The Hot Factor: Market research analyst jobs have exploded in every sector of the economy, according to the UC San Diego Extension report. This has created a high demand for those who can access, analyze, and extract meaningful, actionable, and tactical implications from a sea of data.

Why? Almost everyone needs them. "Every company with a product or service to offer can benefit from a trained market research analyst to decipher what their consumers want and how to market products and services to them," says Brie Reynolds, director of online content for FlexJobs, a source for flexible, telecommuting jobs.

And their efforts aren't in vain. "When products are released without the help of market research analysts, there's a bigger chance that the product will flop or fail," says Bryan. This important role is well-recognized in terms of salary - it has a mean salary of $67,380, says the report.

Next step: Click to Find the Right Marketing Program.

What Would I Do In This Job? You might forecast marketing and sales trends, gather data about consumers, and measure the effectiveness of marketing strategies, the U.S. Department of Labor says.

How Can I Prepare For This Career? You'll typically need a bachelor's degree in market research or a related field like statistics, math, computer science, business administration, one of the social sciences, or communications to get started, says the Department of Labor.

Career #3 - Accountant and Auditor

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When you hear "accountant" do you picture a simple bookkeeper just scraping by? Think again. Today, "accountant and auditor" ranks third on the list of hottest careers.

The Hot Factor: Accountants and auditors earned their spot on the hot careers list, because of the sheer demand for accounting jobs, the report says. In 2010, more than 1 million people were employed as accountants and auditors, and that number is expected to grow at a healthy rate of 16 percent by 2020. The report also states that in the last three years, the mean annual salary for accounting and audit careers has increased by nearly $10,000 to $71,040. Why the demand for more accountants and auditors?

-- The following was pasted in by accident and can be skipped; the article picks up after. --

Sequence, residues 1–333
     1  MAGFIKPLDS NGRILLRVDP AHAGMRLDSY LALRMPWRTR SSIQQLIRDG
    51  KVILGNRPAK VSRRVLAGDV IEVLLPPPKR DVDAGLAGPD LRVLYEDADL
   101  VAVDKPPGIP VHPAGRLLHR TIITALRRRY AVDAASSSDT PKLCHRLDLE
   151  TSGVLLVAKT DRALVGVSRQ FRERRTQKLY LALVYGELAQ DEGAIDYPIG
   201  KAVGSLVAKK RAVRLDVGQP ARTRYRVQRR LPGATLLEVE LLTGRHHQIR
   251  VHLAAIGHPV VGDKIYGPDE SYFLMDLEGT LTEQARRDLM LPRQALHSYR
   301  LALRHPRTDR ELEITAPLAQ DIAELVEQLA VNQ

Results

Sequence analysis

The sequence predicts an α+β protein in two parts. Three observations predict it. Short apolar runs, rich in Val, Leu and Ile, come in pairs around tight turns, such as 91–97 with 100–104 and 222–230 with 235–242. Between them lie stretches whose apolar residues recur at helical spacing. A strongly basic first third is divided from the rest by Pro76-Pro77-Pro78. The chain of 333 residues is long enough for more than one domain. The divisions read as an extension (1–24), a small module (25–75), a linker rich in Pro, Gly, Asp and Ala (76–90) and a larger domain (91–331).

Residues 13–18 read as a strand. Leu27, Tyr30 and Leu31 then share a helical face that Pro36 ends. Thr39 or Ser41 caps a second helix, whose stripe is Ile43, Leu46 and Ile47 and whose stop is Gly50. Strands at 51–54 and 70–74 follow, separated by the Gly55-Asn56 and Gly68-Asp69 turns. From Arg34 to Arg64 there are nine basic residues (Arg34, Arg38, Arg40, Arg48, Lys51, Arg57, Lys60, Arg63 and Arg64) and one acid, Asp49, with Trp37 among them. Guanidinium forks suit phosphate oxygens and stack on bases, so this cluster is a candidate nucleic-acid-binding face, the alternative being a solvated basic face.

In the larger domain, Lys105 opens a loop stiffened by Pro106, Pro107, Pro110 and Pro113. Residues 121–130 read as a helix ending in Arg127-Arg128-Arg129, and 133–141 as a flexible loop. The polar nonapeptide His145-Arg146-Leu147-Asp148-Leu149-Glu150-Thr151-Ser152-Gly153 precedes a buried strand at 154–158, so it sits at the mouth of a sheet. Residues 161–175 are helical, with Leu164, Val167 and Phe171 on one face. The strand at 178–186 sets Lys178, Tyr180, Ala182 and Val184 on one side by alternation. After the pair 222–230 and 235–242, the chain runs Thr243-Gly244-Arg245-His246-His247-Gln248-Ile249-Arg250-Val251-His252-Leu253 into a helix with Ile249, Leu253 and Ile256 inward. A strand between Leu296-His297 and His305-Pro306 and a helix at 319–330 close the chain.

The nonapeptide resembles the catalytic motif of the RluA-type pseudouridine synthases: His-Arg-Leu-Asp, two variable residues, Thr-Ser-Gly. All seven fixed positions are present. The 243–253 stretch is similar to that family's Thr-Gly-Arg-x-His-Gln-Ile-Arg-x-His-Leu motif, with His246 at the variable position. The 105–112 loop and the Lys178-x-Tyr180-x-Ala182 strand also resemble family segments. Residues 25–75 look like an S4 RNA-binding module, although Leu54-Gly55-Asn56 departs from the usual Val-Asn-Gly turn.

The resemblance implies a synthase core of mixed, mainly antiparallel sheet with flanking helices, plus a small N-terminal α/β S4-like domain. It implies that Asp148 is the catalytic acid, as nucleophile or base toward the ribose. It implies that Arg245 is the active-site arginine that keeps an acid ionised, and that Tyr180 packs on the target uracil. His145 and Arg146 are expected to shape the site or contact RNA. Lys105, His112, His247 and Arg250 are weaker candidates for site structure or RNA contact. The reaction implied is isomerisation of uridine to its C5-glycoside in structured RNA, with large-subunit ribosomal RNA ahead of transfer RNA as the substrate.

"Firms got lean during the recession. Now everyone is rebuilding capacity," says Philip Reckers, director of the School of Accountancy at the W. P. Carey School of Business at Arizona State University. "Investors are demanding more information. More accountants are needed to meet this appetite, and more auditors are needed to give users assurance that the information is reliable."

Want another way to look at this? "Every industry uses money and systems," as Steve Langerud, workplace expert and principal consultant in the LiSTRA company, a boutique business transition firm, notes. "Accountants and auditors drive the systems."

Next step: Click to Find the Right Accounting Program.

What Would I Do In This Job? According to the U.S. Department of Labor, you might compute taxes owed, prepare tax returns, and help companies improve profits.

How Can I Prepare For This Career? To get started in this field, you'll need at least a bachelor's degree in accounting or a related field for most positions, according to the Department of Labor. Some employers prefer candidates with master's degrees in accounting or business administration with a concentration in accounting.

Career #4 - Network and Computer Systems Administrator

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Technology plays an increasingly vital role in our society - one reason why network and computer systems administrator ranks fourth on the list of hottest careers for college grads.